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Microcredit, in Rwanda and Many Other Parts of Africa, has Lost its Original Aim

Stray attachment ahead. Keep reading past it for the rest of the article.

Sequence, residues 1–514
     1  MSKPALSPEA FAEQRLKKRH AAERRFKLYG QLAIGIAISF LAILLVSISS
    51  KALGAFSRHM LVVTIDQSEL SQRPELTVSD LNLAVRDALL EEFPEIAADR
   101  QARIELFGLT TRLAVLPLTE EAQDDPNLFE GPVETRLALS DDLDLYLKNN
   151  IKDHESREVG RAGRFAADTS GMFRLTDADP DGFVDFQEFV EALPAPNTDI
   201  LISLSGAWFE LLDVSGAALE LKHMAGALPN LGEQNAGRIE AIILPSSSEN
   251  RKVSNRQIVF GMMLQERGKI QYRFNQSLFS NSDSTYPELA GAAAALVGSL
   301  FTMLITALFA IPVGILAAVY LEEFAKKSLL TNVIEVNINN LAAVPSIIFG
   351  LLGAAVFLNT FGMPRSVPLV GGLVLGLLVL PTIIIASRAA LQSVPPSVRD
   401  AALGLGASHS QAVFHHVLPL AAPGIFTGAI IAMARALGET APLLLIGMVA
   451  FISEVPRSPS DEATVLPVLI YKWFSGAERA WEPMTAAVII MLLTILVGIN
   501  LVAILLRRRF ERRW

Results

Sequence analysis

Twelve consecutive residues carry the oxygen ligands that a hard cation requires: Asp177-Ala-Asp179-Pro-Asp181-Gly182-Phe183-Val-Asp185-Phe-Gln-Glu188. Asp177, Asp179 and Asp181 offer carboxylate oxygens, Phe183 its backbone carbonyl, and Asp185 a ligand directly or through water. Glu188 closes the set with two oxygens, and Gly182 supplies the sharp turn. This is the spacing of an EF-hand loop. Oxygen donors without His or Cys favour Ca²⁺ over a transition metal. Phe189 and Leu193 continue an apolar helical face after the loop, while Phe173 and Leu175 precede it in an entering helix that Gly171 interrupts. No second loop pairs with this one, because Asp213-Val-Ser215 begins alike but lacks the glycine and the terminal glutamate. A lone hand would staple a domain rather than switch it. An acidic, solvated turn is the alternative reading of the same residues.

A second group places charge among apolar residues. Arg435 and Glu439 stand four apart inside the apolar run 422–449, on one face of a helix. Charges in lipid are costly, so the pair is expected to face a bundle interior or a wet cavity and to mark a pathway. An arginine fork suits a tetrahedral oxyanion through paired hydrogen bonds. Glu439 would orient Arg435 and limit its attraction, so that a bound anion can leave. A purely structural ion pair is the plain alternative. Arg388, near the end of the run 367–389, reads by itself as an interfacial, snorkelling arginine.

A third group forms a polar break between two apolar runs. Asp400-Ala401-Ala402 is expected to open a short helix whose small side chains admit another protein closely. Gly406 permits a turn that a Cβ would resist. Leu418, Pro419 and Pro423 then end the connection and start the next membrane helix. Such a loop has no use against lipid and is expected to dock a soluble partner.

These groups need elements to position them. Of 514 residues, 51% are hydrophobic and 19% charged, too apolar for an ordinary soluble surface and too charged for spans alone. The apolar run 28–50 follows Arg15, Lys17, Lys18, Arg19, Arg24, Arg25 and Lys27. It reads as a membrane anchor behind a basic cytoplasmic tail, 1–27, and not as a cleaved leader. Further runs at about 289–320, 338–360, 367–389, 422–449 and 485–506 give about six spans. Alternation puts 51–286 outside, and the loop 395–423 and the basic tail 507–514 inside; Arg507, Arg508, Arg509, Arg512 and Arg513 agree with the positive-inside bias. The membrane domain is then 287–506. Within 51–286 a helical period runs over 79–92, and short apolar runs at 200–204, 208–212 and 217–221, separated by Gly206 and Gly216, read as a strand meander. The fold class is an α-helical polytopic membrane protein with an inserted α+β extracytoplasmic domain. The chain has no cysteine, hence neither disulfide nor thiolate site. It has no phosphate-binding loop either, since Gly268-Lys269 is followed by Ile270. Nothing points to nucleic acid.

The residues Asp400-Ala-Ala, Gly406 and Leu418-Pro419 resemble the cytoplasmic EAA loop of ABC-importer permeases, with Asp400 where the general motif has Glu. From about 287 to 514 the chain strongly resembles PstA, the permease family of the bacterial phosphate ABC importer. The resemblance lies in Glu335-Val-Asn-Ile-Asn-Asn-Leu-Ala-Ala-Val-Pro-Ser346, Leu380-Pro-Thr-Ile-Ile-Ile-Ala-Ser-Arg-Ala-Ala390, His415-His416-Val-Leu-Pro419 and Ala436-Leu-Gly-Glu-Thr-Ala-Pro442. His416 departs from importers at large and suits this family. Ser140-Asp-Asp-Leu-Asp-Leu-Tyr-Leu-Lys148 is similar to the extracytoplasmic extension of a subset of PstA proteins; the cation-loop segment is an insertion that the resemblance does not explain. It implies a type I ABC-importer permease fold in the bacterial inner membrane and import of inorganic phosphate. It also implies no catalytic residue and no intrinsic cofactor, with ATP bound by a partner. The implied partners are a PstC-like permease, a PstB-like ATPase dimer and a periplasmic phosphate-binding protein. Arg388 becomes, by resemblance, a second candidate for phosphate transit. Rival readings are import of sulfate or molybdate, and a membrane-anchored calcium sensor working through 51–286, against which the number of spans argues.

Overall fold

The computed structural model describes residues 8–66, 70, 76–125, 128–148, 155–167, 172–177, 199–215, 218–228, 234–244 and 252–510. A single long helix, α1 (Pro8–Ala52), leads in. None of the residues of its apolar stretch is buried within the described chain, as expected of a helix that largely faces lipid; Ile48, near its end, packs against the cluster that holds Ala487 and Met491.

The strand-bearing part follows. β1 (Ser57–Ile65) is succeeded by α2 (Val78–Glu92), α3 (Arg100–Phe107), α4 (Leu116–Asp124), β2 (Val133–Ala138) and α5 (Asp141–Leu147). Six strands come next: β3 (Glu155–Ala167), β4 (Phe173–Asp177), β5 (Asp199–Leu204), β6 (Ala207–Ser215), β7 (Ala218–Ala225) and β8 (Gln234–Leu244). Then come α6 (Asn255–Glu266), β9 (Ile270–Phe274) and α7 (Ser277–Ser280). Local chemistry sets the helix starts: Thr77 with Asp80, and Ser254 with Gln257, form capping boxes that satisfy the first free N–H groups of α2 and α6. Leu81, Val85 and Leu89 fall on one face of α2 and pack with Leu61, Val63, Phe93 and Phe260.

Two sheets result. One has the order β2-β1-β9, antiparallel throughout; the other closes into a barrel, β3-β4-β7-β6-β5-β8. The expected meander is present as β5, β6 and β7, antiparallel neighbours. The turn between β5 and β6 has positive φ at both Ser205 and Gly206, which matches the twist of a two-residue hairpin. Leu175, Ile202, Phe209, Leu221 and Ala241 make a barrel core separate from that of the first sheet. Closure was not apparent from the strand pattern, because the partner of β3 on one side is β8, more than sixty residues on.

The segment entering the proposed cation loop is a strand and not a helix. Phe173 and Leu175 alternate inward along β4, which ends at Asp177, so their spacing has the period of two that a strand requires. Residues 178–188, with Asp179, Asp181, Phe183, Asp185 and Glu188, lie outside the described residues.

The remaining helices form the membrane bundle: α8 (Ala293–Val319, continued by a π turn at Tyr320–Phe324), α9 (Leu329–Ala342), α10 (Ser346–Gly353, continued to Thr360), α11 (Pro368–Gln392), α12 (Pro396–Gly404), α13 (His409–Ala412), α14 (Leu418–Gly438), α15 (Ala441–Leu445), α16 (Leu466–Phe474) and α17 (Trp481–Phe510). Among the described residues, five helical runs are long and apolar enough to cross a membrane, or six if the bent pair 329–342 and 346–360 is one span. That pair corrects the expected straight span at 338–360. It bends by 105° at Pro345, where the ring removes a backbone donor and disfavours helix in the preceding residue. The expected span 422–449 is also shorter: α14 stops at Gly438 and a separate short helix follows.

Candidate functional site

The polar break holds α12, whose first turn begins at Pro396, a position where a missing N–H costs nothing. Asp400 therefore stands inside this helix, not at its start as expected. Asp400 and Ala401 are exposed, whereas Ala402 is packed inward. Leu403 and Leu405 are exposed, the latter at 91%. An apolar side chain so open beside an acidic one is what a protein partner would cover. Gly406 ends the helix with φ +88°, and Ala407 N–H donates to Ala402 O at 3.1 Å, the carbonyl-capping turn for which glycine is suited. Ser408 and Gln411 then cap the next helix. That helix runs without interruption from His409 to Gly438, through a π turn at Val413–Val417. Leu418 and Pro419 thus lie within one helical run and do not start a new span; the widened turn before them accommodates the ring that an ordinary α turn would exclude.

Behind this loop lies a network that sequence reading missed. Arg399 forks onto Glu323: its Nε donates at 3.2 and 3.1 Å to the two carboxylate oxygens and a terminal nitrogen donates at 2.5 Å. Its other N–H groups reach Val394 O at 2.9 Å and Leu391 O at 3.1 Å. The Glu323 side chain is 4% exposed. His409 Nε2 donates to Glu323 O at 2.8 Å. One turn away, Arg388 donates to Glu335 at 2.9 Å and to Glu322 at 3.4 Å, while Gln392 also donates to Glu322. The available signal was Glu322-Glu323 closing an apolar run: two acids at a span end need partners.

The evidence against the effectiveness of microcredit as an engine of small-business growth continues to mount with the publication of David Poole’s excellent book ‘Entrepreneurs and SMEs in Rwanda: The Model Pupil Paradox’ (Bloomsbury, 2021). In the case of Rwanda, the country’s post-genocide development plan laid down in 2000 targeted the creation of an entrepreneurial economy built on small and medium-sized businesses by 2020. The aim was for Rwanda to become an “Asian Tiger”, a middle-income country. Now, Rwanda is still a “least developed country” as measured by the United Nations. The government and many people in Rwanda, Poole notes, have followed the prescription given the major development institutions, and in terms of incomes, considerable progress has been made, albeit from a very low starting point. The truth is that Rwandans are no more likely than anyone else to succeed in business. Poole bases his work on in-depth interviews with 21 aspiring Rwandan entrepreneurs. There was, writes Poole, “no pre-existing massive reservoir of entrepreneurs-in-waiting that could be called forth, at will, by government policy.”